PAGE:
"I can't believe that you would come in here and say to the previous councils, the previous mayors, that they have not been doing the right things for the city," he told the senator. "We have grown to a first-class city because of men and women that were elected by these citizens to make choices, to make this a better place to live, to play and to work."
Brooks believes the city will be further boosted by Fairbourne Station, a half-billion-dollar development of residential, retail, hotel, office and green space next to a transportation hub now under construction.
"When they look at what's going on, people are proud to be from West Valley City," Brooks said.
Speaking her mind • Burt, a small-business owner who has lived in the city since 1961, also was initially appointed to the council, filling a seat left vacant in 1998 by the death of Leland DeLange. She was elected to the position a year later and won re-election twice.
From the beginning, Burt was outspoken and fought for the issues she believed benefited her District 1 constituents. "I'm not a wallflower," she said.
What was good for her district wasn't necessarily good for the entire city, Burt said, and she was on the losing end of a lot of 6-1 votes. But there were successes, too.
She lists as accomplishments: getting three parks and the first piece of public art put in West Valley, a statue of hockey players at the Maverik Center. She made the first donation, $6,000, toward the artwork.
When the Family Fitness Center was built in the late 1990s, she insisted that the pools be deep enough for diving and meet specifications for competitions. Once again, she dug into her own pocket, donating $12,000 for starter blocks and $4,000 for a record board. When she learned that only one lane of the lap pool had a timing system, she came up with the money she doesn't remember how much for timing systems in the other seven lanes.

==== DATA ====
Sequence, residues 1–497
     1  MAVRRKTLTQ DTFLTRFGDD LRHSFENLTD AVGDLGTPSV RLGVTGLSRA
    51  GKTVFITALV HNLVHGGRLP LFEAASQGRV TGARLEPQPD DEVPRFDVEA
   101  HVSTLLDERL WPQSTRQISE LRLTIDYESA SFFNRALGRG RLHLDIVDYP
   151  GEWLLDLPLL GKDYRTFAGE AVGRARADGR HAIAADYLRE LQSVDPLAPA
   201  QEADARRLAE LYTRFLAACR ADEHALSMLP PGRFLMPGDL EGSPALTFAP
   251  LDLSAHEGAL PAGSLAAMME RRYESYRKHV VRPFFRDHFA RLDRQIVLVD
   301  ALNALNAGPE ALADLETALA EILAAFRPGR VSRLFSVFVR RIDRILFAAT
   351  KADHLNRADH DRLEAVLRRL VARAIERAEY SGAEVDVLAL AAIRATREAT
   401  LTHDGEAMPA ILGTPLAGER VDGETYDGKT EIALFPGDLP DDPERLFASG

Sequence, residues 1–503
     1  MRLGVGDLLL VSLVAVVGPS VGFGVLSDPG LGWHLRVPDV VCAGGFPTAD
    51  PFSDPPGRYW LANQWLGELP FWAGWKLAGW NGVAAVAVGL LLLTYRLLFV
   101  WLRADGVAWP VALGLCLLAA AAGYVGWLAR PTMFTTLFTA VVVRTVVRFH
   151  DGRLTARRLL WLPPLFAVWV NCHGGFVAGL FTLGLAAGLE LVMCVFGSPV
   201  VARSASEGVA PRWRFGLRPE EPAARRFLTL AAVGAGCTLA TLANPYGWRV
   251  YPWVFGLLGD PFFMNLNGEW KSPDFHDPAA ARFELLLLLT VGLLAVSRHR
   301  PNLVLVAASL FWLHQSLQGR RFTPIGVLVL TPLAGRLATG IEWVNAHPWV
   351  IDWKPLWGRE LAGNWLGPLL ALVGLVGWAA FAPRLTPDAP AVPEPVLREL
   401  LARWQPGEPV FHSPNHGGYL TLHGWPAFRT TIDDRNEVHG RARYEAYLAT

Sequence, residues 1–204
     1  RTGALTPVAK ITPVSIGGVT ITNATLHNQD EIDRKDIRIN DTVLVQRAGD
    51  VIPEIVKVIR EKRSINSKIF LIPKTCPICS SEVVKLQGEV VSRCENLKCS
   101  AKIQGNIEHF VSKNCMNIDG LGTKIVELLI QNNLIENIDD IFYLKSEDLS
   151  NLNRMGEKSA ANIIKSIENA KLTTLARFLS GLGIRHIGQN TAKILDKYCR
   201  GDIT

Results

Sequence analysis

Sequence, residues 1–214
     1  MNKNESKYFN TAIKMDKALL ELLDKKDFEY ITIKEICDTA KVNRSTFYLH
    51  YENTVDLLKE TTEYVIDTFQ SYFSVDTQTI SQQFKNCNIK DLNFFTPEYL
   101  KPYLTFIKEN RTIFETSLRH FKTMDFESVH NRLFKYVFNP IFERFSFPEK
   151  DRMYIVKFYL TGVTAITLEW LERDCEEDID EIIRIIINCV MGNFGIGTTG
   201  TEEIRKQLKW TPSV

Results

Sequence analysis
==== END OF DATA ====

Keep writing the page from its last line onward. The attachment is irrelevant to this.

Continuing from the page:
Nancy Day, Fitness Center director, said Burt also gave generously of her time, serving as a volunteer official at swim meets.
"The program wouldn't be where it's at by any means without her assistance and aid," Day said.
Burt also bought benches for parks and regularly gave to Hale Centre Theatre and the Community Education Partnership, which provides before- and after-school educational programs for children.
And she's not done. Burt said she'll donate $40,000, the remainder of the money she earned as a council member, for a carillon bell tower at Fairbourne Station.
She and her husband are building a new home in Highland. She'll miss her friends and life in West Valley City, where the couple once owned a car wash and Scott's Drive-In and still have rental properties. She hopes to continue volunteering with community groups.
"If I get well, I wouldn't mind coming back," she said.
Members sworn in
West Valley City Council incumbent Corey Rushton and newly elected members Tom Huynh and Karen Lang took the oath of office on Jan. 3.
Rushton • 36, is starting his second term as an at-large member. He is a marketing manager and small-business owner.
Huynh • 44, a Realtor, represents District 1.
Lang • 52, who owns and operates Oakbridge Greenhouse with her husband, represents District 3.